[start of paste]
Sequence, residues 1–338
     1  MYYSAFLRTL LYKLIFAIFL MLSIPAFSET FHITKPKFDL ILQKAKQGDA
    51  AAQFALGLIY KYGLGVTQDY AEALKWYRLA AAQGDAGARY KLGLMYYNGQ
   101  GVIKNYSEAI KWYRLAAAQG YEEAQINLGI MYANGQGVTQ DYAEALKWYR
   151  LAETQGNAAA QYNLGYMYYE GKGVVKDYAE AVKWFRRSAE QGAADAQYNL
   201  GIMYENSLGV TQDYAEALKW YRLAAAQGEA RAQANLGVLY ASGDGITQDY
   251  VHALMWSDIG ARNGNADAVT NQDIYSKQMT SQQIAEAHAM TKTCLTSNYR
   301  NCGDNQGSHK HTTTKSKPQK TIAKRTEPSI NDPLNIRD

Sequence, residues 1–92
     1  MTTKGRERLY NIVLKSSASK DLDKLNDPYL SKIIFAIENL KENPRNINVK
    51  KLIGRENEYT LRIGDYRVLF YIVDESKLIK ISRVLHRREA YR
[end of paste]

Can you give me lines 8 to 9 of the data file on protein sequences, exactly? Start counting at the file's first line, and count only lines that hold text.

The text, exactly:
   301  NCGDNQGSHK HTTTKSKPQK TIAKRTEPSI NDPLNIRD

Sequence, residues 1–92